Twitter keg party; Storing cold, hard cash

Meliza Solan Surdi · June 9, 2009 · Short URL:

What am I Missy, Episode 22

Anheuser-Busch has a Twitter account for Michelob to generate some buzz. Now beer lovers can chat with other fellow beer lovers. But if you have a Twitter account, aren't you supposed to be succinct? Last time I checked, the more beer someone consumes, the less succinct they become. And, another thing - how does a beer tweet anyway?

See: Michelob Twitter account under the spotlight

Since the post-Enron regulation that doubled the time needed for startups to go public, venture capitalists have been thirsty for liquidity. Some VCs see the opportunity in the current cash flow crunch. Tim Draper, whose various funds invest in over five hundred startups, unveiled one of his latest investments called XChange. This company is a trading platform for private company stock where VCs, equity holders, and qualified buyers can trade restricted assets. But are these private exchanges a short term patch for a temporary IPO drought or a permanent fixture?

See: Tim Draper unveils the XChange marketplace

Given the fact that banks are not doing so well these days, where should founders stash their newly-raised, cold-hard cash? Believe it or not, the best place is the refrigerator, according to the founders of Heyzap, a startup that allows Web sites or blogs to take the most exciting flash games and embed them onto their Web site. Founders Jude Gomila and Immad Akhund decided it would be best to store their recent round of seed funding safely away in the office refrigerator. How much was in there? Since the door did not budge, we were unable to find out.

See: An inside look at Heyzap

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Heyzap allows any website or blog to take the most exciting flash games and put them into their website. This results in the website/blog having increased traffic, user time of site and engagement. When youtube got video out everywhere over the internet, it changed the entire experience of the internet.



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What is Twitter?

Twitter is an online information network that allows anyone with an account to post 140 character messages, called tweets. It is free to sign up. Users then follow other accounts which they are interested in, and view the tweets of everyone they follow in their "timeline." Most Twitter accounts are public, where one does not need to approve a request to follow, or need to follow back. This makes Twitter a powerful "one to many" broadcast platform where individuals, companies or organizations can reach millions of followers with a single message. Twitter is accessible from, our mobile website, SMS, our mobile apps for iPhone, Android, Blackberry, our iPad application, or 3rd party clients built by outside developers using our API. Twitter accounts can also be private, where the owner must approve follower requests. 

Where did the idea for Twitter come from?

Twitter started as an internal project within the podcasting company Odeo. Jack Dorsey, and engineer, had long been interested in status updates. Jack developed the idea, along with Biz Stone, and the first prototype was built in two weeks in March 2006 and launched publicly in August of 2006. The service grew popular very quickly and it soon made sense for Twitter to move outside of Odea. In May 2007, Twitter Inc was founded.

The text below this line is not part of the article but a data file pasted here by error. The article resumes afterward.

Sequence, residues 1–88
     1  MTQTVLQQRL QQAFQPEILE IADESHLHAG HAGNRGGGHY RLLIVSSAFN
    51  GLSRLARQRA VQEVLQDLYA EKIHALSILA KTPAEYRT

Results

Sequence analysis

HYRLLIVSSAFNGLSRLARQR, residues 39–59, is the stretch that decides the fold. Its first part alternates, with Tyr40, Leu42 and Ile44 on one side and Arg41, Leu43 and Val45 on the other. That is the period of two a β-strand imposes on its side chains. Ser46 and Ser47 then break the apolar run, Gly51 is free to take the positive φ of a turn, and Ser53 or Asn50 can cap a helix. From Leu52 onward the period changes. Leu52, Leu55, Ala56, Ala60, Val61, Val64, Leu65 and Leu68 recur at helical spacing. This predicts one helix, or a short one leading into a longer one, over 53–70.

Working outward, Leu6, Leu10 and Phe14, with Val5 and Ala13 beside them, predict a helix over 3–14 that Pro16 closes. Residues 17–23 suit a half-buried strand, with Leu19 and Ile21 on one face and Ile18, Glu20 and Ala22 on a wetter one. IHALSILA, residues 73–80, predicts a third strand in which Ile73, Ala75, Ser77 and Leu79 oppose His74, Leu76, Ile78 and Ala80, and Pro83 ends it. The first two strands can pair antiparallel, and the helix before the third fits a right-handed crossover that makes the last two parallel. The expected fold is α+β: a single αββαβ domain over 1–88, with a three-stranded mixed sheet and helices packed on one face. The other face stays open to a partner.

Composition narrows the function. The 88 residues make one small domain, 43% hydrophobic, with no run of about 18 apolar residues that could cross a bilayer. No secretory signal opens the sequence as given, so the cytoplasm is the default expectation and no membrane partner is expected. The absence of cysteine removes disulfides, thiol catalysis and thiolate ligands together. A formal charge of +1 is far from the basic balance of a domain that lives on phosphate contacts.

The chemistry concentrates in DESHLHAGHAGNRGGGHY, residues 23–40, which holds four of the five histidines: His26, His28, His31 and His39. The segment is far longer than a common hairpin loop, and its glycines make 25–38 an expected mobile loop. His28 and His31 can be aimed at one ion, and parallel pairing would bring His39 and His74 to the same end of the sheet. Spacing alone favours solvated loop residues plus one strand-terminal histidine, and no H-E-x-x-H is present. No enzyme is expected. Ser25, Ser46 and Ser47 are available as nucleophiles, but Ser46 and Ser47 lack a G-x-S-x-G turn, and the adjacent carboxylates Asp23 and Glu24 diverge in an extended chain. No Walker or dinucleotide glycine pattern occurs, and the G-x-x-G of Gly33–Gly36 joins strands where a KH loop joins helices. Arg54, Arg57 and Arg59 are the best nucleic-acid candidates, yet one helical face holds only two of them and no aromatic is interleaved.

How is Twitter built?

Our engineering team works with a web application framework called Ruby on Rails. We all work on Apple computers except for testing purposes. 

We built Twitter using Ruby on Rails because it allows us to work quickly and easily--our team likes to deploy features and changes multiple times per day. Rails provides skeleton code frameworks so we don't have to re-invent the wheel every time we want to add something simple like a sign in form or a picture upload feature.

How do you make money from Twitter?

There are a few ways that Twitter makes money. We have licensing deals in place with Google, Yahoo!, and Microsoft's Bing to give them access to the "firehose" - a stream of tweets so that they can more easily incorporate those tweets into their search results.

In Summer 2010, we launched our Promoted Tweets product. Promoted Tweets are a special kind of tweet which appear at the top of search results within, if a company has bid on that keyword. Unlike search results in search engines, Promoted Tweets are normal tweets from a business, so they are as interactive as any other tweet - you can @reply, favorite or retweet a Promoted Tweet. 

At the same time, we launched Promoted Trends, where companies can place a trend (clearly marked Promoted) within Twitter's Trending Topics. These are especially effective for upcoming launches, like a movie or album release.

Lastly, we started a Twitter account called @earlybird where we partner with other companies to provide users with a special, short-term deal. For example, we partnered with Virgin America for a special day of fares on that were only accessible through the link in the @earlybird tweet.


What's next for Twitter?

We continue to focus on building a product that provides value for users. 

We're building Twitter, Inc into a successful, revenue-generating company that attracts world-class talent with an inspiring culture and attitude towards doing business.


Jude Gomila

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An entrepreneur and angel investor who has invested in over 150 startups over the past ten years.

Immad Akhund

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Tim Draper

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